Dorset Police remind the public that, as of Wednesday 14th July, changes to legislation brought about by the Offensive Weapons Act 2019 mean that all weapons banned in public by the Criminal Justice Act 1988, including zombie knives, shuriken or death stars and knuckledusters, will now also be banned in private, meaning people can no longer keep them at home.
Other sections of the act that have come into effect include an updated definition of flick knives to reflect changes in weapon designs, and the banning of private possession of flick knives and gravity knives.
The new legislation also affects specific firearms, such as rapid-fire rifles.
Anyone unlawfully possessing a firearm covered by the ban will face up to 10 years in prison and those possessing one of the other weapons can be sentenced to up to six months imprisonment or a fine, or both.
In 2020 the number of knife crimes reported to Dorset Police increased by 10.3 per cent from 262 in 2019 to 289. A quarter of victims were aged under 25.
The maximum penalty for an adult carrying a knife is four years in prison and an unlimited fine. You’ll get a prison sentence if you’re convicted of carrying a knife more than once.
Chief Superintendent Mark Callaghan, the Force’s strategic lead for violent crime, said: “The harm caused to families and communities through the tragic loss of life relating to knife crime is devastating and that is why knife crime remains a top priority for Dorset Police and we are committed to reducing knife crime offences in the county. These new measures will go some way to taking weapons off the streets and make it more difficult for people to get hold of knives and other dangerous items in the first place.
“Early intervention is key to making our communities safer and we work closely with our partner agencies to ensure that messages about the dangers and consequences of carrying a knife reaches children in schools and colleges.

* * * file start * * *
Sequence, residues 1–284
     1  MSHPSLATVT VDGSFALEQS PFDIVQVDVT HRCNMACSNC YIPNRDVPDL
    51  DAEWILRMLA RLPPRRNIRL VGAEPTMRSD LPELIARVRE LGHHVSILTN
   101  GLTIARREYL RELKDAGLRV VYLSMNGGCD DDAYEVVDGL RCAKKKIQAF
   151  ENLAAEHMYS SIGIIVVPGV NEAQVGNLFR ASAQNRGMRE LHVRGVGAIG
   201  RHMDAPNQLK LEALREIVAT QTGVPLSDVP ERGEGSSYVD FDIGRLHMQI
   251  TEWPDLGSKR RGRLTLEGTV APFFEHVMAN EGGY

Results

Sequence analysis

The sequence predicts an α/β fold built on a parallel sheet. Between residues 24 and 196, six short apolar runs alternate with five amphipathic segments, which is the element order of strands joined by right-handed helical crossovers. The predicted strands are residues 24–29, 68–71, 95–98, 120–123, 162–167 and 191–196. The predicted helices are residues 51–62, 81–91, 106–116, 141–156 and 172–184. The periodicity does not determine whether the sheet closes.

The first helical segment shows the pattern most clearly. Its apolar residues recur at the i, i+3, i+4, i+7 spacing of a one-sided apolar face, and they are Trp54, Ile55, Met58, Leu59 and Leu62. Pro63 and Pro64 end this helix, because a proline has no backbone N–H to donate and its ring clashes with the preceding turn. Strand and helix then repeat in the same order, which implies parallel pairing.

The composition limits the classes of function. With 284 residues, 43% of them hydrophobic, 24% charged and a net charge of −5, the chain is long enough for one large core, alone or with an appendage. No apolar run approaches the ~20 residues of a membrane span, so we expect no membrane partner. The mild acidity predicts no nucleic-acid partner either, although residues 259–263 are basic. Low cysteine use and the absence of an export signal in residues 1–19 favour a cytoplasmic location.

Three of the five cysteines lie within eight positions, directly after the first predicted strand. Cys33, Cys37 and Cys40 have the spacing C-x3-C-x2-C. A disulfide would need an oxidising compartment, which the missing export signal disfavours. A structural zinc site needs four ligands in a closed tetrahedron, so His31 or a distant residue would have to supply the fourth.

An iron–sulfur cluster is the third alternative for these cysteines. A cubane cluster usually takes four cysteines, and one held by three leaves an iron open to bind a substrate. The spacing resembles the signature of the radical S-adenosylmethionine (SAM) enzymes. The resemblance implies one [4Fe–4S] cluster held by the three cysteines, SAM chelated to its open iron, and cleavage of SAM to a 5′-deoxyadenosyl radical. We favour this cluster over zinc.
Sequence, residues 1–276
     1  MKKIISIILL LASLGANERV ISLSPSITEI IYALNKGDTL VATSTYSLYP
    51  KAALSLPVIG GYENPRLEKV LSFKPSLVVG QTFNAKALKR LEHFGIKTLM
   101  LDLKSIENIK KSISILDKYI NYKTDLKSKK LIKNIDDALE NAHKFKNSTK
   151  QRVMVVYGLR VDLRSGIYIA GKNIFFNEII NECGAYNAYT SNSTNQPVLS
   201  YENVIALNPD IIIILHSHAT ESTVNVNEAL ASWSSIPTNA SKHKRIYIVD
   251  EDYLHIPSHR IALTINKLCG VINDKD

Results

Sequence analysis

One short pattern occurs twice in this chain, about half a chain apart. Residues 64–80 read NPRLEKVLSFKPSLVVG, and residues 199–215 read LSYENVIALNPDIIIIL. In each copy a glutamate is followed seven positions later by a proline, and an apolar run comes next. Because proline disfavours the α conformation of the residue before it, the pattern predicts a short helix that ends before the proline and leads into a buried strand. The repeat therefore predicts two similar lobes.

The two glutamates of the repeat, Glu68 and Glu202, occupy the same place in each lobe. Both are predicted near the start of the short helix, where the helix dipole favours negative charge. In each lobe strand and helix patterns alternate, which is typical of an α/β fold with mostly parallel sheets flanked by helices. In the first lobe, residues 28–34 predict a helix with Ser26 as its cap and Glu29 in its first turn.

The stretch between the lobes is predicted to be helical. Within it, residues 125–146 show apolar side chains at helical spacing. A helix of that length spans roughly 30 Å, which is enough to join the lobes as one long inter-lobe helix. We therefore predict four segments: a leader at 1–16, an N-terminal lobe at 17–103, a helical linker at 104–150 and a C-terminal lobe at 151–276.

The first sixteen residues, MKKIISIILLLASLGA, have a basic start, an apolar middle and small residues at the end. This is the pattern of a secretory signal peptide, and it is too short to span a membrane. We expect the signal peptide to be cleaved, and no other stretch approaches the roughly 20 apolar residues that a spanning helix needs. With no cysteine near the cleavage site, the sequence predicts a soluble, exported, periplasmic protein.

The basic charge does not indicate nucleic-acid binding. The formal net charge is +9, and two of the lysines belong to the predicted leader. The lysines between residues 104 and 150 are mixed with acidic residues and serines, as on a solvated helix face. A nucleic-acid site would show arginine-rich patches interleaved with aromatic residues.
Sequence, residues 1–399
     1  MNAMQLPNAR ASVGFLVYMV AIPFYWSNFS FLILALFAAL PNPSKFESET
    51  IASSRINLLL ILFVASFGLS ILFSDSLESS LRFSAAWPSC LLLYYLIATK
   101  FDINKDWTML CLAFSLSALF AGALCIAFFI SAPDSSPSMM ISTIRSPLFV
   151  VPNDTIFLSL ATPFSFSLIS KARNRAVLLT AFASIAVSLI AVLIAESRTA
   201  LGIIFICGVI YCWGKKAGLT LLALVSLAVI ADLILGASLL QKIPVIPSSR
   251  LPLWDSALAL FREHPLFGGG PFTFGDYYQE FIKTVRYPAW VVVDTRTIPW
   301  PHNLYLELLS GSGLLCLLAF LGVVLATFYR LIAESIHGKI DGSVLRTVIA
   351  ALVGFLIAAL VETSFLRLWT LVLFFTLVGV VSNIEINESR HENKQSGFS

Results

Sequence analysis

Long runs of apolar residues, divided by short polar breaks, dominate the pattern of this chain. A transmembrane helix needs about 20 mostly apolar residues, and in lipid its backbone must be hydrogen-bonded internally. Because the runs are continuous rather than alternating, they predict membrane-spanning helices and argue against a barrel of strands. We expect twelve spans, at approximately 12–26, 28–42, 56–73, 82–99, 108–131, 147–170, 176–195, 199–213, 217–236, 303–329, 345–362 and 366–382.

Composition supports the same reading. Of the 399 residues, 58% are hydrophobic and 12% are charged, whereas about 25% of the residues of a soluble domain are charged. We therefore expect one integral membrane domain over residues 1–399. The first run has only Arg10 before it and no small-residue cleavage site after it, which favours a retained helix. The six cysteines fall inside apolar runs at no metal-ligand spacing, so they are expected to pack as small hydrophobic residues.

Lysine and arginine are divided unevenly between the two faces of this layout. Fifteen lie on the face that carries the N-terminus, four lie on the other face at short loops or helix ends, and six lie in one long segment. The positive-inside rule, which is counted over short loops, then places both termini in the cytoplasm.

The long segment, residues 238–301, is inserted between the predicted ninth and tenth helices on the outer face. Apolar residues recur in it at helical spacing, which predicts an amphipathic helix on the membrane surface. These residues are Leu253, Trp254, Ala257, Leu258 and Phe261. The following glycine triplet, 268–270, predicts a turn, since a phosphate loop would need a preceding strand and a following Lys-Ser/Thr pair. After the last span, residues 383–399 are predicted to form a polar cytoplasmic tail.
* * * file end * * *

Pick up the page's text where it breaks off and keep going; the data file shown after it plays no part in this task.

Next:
“We want to provide support and advice to those who know a knife carrier and for parents, carers and bystanders to be able to spot the signs and speak out if they know someone is carrying a knife. We would encourage anyone with concerns to contact Dorset Police so we can take action and if appropriate put safeguarding measures in place to protect anyone who may be vulnerable.
“As part of the #KnivesRuinLives campaign we want to share the message that ‘You matter, lives can change’.”
Councillor May Haines, BCP Council Portfolio Holder for Community Safety, said: “In light of the rising cases of knife crime across the BCP area, I welcome and support the legislation that is due to come into effect. I echo our police colleagues view that education and early intervention are key to helping keep our communities safe. Losing a loved one is heart-breaking but losing them to a violent crime makes it even harder to bear. Greater knowledge of how knife crime can negatively impact and take away lives, will prevent even more lives being lost and hopefully encourage people to change their behaviour when it comes to this issue that can have devastating consequences.”
Dorset Police and Crime Commissioner David Sidwick said: “Dorset has not experienced the same issues with knife crime which have been seen in some of our big cities, but I’m committed to reducing the number of incidents and ensuring these problems do not escalate here.
“These weapons have no place on our streets or in our schools and colleges and so I welcome this new legislation.
“We need to get the message out, particularly among young people, that there is no reason for anyone to carry a knife in Dorset and that there are serious consequences for those that do.”
If you believe someone is in immediate possession of a knife or offensive weapon please dial 999. If you would like to report your concerns about a knife carrier or need some advice, please email email@example.com or visit dorset.police.uk and report it online.
Unwanted knives can be disposed of at local recycling centres or safely packaged in your household waste.